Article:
For two decades, Howard Schultz enjoyed uninterrupted success building Starbucks Corp. into a hip chain of coffee shops that richly rewarded shareholders.
But with profits off and the stock sinking, Mr. Schultz is cast in an unfamiliar new role: the person who must re-energize a company that has lost its edge. That has unleashed an intensity in him that is rattling the feel-good Starbucks culture.
"We are going to bring this company back!" Mr. Schultz practically shouted at a meeting with managers in New York in April. The idea of skeptics that the battered stock won't recover is "total bull-" he said, his voice rising.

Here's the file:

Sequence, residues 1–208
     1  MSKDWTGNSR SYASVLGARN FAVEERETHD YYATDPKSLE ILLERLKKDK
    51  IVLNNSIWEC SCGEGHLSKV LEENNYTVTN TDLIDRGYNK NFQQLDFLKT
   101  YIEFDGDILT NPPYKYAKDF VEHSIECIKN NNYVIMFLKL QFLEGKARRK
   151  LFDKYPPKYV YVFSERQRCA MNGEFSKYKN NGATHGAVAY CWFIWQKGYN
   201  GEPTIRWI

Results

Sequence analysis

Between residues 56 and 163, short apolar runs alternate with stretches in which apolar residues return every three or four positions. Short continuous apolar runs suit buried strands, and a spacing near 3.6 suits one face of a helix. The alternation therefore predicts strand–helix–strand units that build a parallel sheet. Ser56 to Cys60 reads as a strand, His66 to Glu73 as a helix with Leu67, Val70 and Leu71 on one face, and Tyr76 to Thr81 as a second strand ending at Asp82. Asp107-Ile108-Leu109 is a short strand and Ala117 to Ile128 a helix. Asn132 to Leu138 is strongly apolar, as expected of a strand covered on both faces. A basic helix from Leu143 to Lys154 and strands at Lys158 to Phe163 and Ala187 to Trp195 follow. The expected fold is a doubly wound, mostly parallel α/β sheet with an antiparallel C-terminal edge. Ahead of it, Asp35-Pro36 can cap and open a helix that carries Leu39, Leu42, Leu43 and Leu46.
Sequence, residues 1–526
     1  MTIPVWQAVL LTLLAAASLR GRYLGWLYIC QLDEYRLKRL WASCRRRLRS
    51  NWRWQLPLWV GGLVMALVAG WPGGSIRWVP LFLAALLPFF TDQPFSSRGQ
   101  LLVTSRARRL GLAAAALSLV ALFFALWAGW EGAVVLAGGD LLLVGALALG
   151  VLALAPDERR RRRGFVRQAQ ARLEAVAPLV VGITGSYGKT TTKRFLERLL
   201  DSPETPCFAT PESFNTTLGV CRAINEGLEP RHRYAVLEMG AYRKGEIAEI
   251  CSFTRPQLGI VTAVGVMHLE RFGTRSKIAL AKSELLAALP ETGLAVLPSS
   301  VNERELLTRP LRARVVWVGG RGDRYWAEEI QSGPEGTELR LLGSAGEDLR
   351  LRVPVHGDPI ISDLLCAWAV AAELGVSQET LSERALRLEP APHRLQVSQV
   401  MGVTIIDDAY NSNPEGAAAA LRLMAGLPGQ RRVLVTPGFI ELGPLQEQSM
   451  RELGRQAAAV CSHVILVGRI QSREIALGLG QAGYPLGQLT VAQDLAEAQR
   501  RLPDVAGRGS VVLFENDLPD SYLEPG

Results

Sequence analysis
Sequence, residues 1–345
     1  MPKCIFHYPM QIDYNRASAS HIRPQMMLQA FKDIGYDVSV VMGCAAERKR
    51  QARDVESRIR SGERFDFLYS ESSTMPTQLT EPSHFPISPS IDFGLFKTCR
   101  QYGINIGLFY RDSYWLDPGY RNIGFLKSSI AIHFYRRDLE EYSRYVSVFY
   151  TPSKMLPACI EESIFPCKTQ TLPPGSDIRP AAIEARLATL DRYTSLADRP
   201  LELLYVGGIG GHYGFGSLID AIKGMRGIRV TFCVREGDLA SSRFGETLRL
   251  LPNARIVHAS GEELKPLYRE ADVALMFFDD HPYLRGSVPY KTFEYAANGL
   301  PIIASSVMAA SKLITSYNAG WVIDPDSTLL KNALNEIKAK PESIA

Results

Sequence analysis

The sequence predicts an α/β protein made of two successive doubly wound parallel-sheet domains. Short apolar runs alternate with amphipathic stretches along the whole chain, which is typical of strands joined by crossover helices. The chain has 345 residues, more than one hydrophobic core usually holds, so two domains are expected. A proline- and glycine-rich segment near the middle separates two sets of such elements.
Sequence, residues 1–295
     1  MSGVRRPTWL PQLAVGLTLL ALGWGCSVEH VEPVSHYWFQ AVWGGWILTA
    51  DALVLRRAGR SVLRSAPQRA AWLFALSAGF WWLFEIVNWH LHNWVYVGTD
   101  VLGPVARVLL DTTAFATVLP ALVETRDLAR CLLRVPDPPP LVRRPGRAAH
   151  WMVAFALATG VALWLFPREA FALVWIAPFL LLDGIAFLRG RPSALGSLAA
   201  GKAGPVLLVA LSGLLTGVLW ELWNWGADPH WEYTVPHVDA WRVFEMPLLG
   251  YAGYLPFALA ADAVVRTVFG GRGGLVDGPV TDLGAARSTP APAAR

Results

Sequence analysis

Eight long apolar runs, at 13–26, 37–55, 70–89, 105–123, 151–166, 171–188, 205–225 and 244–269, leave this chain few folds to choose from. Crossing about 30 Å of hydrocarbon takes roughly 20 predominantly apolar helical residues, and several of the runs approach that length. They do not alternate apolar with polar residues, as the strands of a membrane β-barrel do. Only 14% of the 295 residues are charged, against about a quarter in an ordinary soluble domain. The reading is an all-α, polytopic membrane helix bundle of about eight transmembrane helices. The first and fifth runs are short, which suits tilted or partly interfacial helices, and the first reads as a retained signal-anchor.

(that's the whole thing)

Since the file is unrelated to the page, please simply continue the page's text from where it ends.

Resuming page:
Mr. Schultz owns 5% of Starbucks's shares, and he just got cause for even more urgency about a turnaround: Activist investor Nelson Peltz, a man known for making waves, disclosed last week that his Trian Fund Management has taken a position in Starbucks. Mr. Peltz, who has pressured other food companies to focus on their core business, wouldn't elaborate on his intentions in making the Starbucks investment. Mr. Schultz declined to discuss it.